Peter Thiel On Bitcoin and Threats from China

Peter Thiel – a libertarian and the co-founder of PayPal, arguably the largest digital payment platform in the world – has taken some serious guff over the past week thanks to some comments he made about bitcoin and China.

Thiel Doesn’t Want China to Use BTC Against America

In a recent interview, Thiel commented that the Chinese could potentially weaponize bitcoin and use it against its enemies like the United States. He recommended harder regulation be put in place so that things like this cannot occur in the future. While Thiel appears very certain that an event of this capacity could happen, others – such as Mike Novogratz – feel that the comments are unjustified and suggests there is little evidence that China could perform such an action.

Still, Thiel remains convinced, and he is concerned that China could be stepping into several new regions that could make it a serious threat to global economies and infrastructure. At a recent event known as “The Nixon Seminar on Conservative Realism and National Security,” Thiel and many attending individuals discussed some of the problems the U.S. and its allies are facing from the likes of China, which continues to make its way deeper into the world of big tech.

Many attendees were asking themselves what needs to be done to prevent China from getting such a monster edge in so many industries. One thing that Thiel commented on was that while China is not a very innovative nation, it is good at mimicking products and putting out potential competitors, and it does not help that so many large American corporations like Google and Facebook are willing to help them out. He states:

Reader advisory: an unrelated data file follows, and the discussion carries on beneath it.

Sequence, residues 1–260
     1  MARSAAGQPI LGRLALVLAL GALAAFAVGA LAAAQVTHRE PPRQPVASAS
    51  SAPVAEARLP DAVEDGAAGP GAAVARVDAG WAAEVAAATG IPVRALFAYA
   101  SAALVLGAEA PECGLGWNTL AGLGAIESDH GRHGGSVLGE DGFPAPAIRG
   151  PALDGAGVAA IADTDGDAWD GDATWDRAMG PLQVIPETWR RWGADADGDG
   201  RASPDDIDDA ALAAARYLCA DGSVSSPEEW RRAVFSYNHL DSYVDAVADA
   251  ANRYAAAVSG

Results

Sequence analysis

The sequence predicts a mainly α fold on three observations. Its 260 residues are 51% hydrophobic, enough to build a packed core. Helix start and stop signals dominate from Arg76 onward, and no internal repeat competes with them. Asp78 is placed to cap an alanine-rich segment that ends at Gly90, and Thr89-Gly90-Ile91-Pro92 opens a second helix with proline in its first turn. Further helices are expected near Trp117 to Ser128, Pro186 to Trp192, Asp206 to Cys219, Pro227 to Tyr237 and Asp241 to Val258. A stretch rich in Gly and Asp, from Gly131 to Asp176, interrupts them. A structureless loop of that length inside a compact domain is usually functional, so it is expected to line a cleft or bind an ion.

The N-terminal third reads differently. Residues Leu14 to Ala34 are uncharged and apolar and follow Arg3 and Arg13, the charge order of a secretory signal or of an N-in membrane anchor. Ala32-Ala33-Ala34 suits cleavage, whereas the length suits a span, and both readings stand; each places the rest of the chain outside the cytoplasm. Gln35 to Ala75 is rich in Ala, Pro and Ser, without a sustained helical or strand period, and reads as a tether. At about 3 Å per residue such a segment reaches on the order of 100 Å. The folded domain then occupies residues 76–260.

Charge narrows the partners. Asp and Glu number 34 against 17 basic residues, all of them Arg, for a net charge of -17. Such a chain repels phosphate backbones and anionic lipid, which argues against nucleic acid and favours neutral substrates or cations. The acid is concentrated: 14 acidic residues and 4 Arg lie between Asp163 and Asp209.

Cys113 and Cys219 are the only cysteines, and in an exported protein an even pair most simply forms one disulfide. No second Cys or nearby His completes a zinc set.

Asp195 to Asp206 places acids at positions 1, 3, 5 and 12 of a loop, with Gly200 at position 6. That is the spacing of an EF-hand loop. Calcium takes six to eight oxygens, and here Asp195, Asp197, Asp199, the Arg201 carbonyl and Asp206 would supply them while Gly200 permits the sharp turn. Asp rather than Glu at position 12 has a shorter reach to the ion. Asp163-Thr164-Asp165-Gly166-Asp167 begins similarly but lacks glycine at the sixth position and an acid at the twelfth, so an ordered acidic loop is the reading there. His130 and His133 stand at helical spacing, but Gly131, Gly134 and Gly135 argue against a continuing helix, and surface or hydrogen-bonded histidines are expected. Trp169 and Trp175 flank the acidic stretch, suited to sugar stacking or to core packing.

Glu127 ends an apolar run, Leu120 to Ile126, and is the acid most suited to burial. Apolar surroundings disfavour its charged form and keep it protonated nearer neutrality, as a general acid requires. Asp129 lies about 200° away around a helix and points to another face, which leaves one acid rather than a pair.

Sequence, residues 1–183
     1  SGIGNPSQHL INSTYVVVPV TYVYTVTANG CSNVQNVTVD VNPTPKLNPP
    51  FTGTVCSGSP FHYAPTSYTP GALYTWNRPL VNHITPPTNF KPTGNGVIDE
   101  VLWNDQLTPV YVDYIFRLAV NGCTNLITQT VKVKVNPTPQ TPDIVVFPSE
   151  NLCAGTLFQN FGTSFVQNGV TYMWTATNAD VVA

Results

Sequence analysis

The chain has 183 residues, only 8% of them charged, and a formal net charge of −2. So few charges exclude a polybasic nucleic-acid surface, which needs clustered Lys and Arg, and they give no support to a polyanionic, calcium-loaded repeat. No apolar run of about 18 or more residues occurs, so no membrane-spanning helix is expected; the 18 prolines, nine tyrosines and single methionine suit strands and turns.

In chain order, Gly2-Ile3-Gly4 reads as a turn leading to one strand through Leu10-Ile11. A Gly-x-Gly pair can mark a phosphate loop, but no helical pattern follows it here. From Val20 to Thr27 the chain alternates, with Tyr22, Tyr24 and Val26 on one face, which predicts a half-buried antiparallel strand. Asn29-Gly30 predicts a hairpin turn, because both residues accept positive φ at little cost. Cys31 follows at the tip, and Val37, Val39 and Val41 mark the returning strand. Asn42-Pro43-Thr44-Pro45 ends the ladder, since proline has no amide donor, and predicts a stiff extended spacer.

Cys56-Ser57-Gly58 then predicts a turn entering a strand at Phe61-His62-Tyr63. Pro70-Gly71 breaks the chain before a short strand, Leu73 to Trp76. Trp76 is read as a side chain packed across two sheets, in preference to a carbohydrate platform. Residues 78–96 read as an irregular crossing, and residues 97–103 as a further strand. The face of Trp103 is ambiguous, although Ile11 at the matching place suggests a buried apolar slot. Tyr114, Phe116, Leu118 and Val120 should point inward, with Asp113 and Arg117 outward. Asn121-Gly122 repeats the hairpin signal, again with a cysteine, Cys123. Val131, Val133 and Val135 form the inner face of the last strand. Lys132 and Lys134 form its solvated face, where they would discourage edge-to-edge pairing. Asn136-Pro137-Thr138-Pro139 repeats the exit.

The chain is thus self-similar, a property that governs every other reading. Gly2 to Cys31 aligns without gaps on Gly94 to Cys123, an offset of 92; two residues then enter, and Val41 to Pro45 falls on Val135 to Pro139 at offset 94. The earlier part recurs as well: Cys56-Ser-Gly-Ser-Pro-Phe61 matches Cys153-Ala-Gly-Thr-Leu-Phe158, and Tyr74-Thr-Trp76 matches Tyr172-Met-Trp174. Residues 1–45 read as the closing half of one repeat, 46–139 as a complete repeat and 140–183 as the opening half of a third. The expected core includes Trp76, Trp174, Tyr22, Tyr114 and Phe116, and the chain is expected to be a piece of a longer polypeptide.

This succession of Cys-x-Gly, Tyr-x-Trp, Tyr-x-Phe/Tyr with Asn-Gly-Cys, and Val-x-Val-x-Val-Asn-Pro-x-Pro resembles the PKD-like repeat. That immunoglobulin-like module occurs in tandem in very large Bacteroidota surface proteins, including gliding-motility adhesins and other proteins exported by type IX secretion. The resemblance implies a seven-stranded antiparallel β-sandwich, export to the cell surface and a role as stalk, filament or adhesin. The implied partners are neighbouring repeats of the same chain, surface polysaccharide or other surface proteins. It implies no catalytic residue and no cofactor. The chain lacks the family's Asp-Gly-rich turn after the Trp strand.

Shockingly little innovation happens in China, but they have been very good at copying things and stealing things… I criticized Google a few years ago for working with Chinese universities and Chinese researchers, and since everything in China is a civilian-military fusion, Google was effectively working with the Chinese military. One of the things that I was sort of told by some of the insiders at Google was that they figured they might as well give the technology out the front door, because if they didn’t give it, it would get stolen anyway.

The Country Is Presenting Problems

For the most part, he was critical of the attitude that so many of these firms have. They believe that in being cooperative with places like China, they can potentially smooth tensions in the future, but this is not necessarily the case – especially when technology is being utilized for illicit and dehumanizing purposes. He continues his statement with:

I had a set of conversations with some of the DeepMind AI people at Google. I asked them, ‘Is your AI being used to run the concentration camps in Xinjiang?’ and they said, ‘Well, we don’t know and don’t ask any questions.’

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